December 19, 2010

Reading in College

I recently received a question by e-mail:

I had a question. I don't know if you ever addressed this before on your blog but I was wondering how do you find time to read while in college? I am also a college student and I love to read YA, but I find that between having to read required reading for school and studying for classes I have absolutely no time for leisure reading at all. So, I was wondering if you could tell me how you found the time to do so and if you had any tips for balancing reading for fun and school work.

As of last Monday, I am a college graduate. I did it in three and a half years instead of four, and managed to receive a variety of honors.

Reading in college made that achievement easier.

"Balancing" is an excellent word for college life. But it doesn't fully encompass it. To me, balance implies equal parts. It's more a game of prioritizing the parts.

I believe that number one in anybody's college career should be studying. Yes, it can be boring. But it's what you're paying for/getting paid for. Treat it like a job. Attend your classes and take notes on the lecture - it will help you remember the readings. (For that matter, read your texts.) Professors are not out to get you. If you do your assignments and pay a bit of attention, you'll find that there aren't any surprises on the tests. As for essays, do a bit of prep work. Ask the professor about his or her grammar pet peeves. (Believe me, every professor will want something different from your writing. Adapt.) Finish essays with enough time to revise. If you're bad at revising, go to your campus's writing center.

Take classes that interest you. Every major has some dud classes that you have to take. (Honors Physics for Nonmajors is the devil.) Spread them out. Don't be afraid to drop a class during add/drops if you can tell that you and the professor aren't a good fit and you take something else for that requirement. Take classes that you'll honestly learn something in. If your entire course schedule bores you, change your major. Be flexible.

Sometimes it feels like you don't have time to do all of your assignments. The work will go faster if you enjoy it and don't feel like you're wasting your time. It helps to have habitual study times. Wednesday was my catch-up day. I didn't make plans on Wednesdays, just made sure I was up to date on my work. Sunday was get-ahead day. If you do all your reading for the week on Sunday, then you practically have a free week.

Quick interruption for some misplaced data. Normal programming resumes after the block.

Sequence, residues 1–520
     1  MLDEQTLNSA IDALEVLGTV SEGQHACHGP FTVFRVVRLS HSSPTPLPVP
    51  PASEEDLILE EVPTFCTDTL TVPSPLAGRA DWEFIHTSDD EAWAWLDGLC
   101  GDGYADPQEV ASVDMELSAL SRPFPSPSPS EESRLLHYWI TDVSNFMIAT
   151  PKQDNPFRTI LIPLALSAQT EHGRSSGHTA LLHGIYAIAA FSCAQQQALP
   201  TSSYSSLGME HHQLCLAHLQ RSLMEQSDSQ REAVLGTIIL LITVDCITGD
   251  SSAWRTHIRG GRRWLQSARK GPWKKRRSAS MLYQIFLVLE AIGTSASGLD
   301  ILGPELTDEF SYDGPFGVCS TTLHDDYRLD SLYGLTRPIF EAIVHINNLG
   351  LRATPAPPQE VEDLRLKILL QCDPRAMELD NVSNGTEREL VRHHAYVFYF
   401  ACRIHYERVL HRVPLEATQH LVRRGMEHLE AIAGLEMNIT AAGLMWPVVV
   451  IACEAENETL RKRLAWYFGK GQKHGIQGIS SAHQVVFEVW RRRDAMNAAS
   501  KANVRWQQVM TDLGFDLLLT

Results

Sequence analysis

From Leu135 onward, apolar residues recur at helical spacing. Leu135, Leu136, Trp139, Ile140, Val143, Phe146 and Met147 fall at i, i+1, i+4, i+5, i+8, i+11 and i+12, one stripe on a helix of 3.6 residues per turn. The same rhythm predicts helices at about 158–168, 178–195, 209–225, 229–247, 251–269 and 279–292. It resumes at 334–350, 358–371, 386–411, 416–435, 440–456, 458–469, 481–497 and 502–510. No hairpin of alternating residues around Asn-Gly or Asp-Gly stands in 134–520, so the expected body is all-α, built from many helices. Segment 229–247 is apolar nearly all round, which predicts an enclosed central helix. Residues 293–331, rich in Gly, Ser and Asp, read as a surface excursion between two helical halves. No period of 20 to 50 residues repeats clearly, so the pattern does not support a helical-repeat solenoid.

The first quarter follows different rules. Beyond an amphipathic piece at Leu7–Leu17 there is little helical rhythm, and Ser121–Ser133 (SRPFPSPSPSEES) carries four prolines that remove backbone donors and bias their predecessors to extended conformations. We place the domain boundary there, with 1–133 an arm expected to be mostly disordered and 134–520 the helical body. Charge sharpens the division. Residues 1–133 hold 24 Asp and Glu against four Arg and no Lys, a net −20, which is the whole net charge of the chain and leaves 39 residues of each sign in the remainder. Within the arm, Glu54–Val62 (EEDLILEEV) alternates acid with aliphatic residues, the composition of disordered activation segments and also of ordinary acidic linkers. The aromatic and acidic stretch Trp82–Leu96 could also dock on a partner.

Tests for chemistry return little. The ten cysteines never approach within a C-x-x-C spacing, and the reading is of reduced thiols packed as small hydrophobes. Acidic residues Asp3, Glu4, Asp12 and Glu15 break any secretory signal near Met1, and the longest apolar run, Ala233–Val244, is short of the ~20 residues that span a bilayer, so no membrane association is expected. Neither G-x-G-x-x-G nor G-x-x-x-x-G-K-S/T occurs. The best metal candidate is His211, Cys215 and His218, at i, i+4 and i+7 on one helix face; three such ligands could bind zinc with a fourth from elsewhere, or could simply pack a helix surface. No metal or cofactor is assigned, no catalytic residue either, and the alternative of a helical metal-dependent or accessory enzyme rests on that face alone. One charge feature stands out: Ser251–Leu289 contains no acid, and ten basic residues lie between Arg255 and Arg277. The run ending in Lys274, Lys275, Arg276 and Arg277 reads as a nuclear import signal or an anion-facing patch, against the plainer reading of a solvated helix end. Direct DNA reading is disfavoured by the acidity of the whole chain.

Note: you will always lie and say you'll do work when you visit home. No one really works when they visit home. Do your work before or get back in town in enough time to do your work.

My number two priority was socializing. It can be easy to become a hermit, absorbed by classwork. Humans are social creatures, however. But you should socialize smart. Getting drunk every weekend? Not smart. You lose a night and a morning when you could be functional. Eating with friends (at home, in the cafeteria, at a nearby restaurant) is smart. Why? Because you have to eat anyway, might as well do it with company. I highly recommend rotating between people's apartments and rotating cooking duties. You can get a variety of wonderful homecooked meals, save money by buying food in bulk, and be responsible for cooking and cleaning only part of the time.

Note: make friends with people who can cook and/or bake.

Like study days, it helps to have a social day. Mine was Thursday - dinner and a (rented) movie with my roommate, her brother, their best friend, and another friend, as well as any hangers-on that week. It helped us chill at the end of the week and made sure we had our acts together by the end of the week.